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The Most Noteworthy Moments on Drake's New Dance Music Album

The Most Noteworthy Moments on Drake's New Dance Music Album
It’s mid-June, temperatures are high, and Drake clearly wants to shake something. Honestly, Nevermind, his surprise seventh studio album, feels considerably lower stakes than 2021’s Certified Lover Boy–in part because it was announced just six hours before its release. Light on features and more musically cohesive than anything he’s put out in years, we find Drake once again diving into the worlds of Afrobeats and house music that he has in the past, but for nearly a full hour as opposed to just a couple tracks.

Despite being released alongside a cryptic, rhyming letter (“I’m not a forgiving guy even when I try / My urge for revenge wins the game against my good guy inside every single fuckin’ time”), this album feels less sonically somber than some of his other recent projects. Executive produced by Black Coffee and featuring house and electronic music producers like Gordo, Rampa, and Alex Lustig, Honestly, Nevermind feels like Drake dancing himself clean.

Still, its release comes colored by a certain amount of loss and trauma. Dedicated to “our brother V” (the late Virgil Abloh), Drake’s latest focuses not as much on empty escapism, but on recognizing the adversity and setbacks that make it necessary. He references the current legal case against Young Thug and YSL multiple times on the album, and there are plenty of wounded breakup ruminations, to boot.

Here’s what jumped out to us on a first listen to Honestly, Nevermind.



Drake just wants to dance.

Fans online have already likened Honestly, Nevermind to 2017’s More Life, Drake’s last record that drew heavily on dancehall, house, and Afrobeat music. But that record (I mean playlist) was more sonically diffuse, incorporating grime (“No Long Talk,” “KMT”) Atlanta rap (“Portland,” ) and R&B (“Teenage Fever”) in addition to the hip-swaying, head-nodding sounds of “Madiba Riddim” and “Passionfruit.”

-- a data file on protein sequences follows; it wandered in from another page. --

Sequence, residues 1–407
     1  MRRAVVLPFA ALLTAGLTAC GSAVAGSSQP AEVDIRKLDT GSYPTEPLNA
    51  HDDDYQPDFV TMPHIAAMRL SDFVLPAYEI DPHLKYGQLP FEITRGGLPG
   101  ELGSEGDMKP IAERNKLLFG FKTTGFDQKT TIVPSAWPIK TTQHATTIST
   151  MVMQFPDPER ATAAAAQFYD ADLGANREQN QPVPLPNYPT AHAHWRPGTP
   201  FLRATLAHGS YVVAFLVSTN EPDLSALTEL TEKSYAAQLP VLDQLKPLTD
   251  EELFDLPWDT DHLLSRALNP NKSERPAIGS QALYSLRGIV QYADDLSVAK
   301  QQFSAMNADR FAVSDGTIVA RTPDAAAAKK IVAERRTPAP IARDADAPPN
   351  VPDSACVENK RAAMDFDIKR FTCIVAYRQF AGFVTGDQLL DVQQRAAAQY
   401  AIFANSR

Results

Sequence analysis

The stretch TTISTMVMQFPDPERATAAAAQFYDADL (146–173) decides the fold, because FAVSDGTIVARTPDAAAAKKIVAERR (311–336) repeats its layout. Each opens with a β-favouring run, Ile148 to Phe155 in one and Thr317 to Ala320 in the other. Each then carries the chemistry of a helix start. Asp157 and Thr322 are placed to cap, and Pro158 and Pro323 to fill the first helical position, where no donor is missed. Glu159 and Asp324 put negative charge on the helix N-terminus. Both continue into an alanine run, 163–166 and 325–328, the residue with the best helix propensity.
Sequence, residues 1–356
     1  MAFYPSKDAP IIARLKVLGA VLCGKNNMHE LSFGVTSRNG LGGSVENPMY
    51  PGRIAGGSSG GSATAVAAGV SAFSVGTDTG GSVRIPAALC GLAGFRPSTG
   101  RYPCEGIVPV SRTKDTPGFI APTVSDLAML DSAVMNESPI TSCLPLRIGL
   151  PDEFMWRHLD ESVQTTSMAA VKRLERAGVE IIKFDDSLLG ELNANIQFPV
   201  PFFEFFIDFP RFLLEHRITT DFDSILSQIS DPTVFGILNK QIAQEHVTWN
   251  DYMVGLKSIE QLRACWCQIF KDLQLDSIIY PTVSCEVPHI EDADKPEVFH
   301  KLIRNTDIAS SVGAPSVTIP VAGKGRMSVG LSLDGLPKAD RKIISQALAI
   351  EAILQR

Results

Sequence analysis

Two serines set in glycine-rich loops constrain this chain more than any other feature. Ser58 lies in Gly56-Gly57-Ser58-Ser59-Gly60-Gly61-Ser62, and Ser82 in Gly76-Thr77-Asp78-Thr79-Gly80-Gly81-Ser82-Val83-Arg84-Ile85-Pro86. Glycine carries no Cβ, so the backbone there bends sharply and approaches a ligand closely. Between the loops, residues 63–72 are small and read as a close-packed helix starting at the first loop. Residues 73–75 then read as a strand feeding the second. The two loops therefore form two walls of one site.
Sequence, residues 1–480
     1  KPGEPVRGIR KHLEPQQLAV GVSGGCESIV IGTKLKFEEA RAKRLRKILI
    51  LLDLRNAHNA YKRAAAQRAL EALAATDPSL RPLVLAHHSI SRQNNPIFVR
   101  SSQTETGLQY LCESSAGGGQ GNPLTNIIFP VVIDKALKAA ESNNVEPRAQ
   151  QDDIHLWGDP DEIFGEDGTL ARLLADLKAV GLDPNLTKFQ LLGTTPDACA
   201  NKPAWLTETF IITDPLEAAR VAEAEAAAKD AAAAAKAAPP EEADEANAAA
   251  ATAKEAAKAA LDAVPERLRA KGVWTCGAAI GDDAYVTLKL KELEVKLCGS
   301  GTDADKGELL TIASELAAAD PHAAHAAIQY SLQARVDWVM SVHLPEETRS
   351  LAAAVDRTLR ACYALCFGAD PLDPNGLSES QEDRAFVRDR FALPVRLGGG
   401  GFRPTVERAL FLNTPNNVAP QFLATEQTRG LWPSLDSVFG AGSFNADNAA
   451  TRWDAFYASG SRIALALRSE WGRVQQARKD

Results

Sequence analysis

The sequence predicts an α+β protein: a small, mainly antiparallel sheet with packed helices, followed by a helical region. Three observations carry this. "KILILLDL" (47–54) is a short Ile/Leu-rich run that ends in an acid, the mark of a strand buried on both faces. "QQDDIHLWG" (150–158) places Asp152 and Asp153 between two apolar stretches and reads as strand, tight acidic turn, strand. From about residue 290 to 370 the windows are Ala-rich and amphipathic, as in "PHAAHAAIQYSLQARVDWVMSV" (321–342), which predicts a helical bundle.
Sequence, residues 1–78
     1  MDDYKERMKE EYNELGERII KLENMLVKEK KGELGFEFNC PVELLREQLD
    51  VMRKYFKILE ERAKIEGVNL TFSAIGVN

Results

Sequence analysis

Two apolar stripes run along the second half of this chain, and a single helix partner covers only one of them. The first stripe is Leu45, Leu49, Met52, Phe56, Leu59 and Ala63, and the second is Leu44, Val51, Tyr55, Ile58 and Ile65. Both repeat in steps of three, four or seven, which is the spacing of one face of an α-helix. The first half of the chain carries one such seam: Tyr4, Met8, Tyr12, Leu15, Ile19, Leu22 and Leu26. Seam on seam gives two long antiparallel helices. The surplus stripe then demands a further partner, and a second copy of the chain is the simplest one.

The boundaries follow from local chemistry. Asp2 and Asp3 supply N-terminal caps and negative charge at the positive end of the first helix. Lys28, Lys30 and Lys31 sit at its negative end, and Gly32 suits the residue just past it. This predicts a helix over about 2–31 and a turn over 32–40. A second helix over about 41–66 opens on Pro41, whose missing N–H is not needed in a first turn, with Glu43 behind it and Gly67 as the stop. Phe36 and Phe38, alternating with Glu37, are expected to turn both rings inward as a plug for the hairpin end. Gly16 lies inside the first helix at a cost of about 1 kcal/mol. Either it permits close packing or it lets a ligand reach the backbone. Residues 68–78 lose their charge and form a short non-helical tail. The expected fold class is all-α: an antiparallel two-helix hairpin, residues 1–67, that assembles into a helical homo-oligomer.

Honestly, Nevermind basically stretches those last two tracks into an entire 50-minute LP. Though Drake has often stewed in his emotions on wax, this is his clearest entry in the crying-in-the-club canon. On “Massive” he reflects on mortality and loneliness over plunks of house piano and vocal stabs. The lustful “Calling My Name” briefly sounds like a very heterosexual response to Teyana Taylor’s ballroom homage “WTP.” Even the broody breakup songs like “Texts Go Green” and “A Keeper” come over four-on-the-floor percussion, giving the waterlogged synths some much needed structure.

With a handful of exceptions, CLB felt dour and muted, a stark contrast to its colorful and provocative cover art. The fact that he made a meaningful artistic pivot in less than a year is commendable, and while there isn’t a song here as dementedly brilliant as “Way 2 Sexy,” standouts like “Sticky” and “Massive” figure to be summer rotation staples.

Drake finally cashes in on his long-standing love for Black Coffee.

Of course, the More Life track that is, in retrospect, the biggest preview of what Drake does on his seventh album is “Get It Together.” The Jorja Smith-assisted song is essentially just a cover of South African DJ/producer Black Coffee’s seminal track “Superman,” which Drake’s long been a fan of. “Superman” was one of the first songs he opened his very first OVO Sound Radio show with way back in 2015, which he always used to show off his eclectic musical tastes. The house music Honestly, Nevermind draws inspiration from was frequently showcased in Drake’s playlists, especially Black Coffee, so it only makes sense that he’s credited as an executive producer. Additionally, Black Coffee is listed as a co-writer and co-producer on three songs, including “Currents.”

The Young Thug-YSL RICO case is clearly on Drake’s mind.

Drake has been close with Young Thug for years–they’ve released a slew of collaborative songs and toured together–so it makes sense that the massive RICO case the Atlanta rapper and his YSL collective are facing would be weighing on him.

In the video for lead single “Falling Back,” Drake even does the YSL handshake with several of his 20-plus brides, and flashes a “Free YSL” on the screen in an oozing slime font.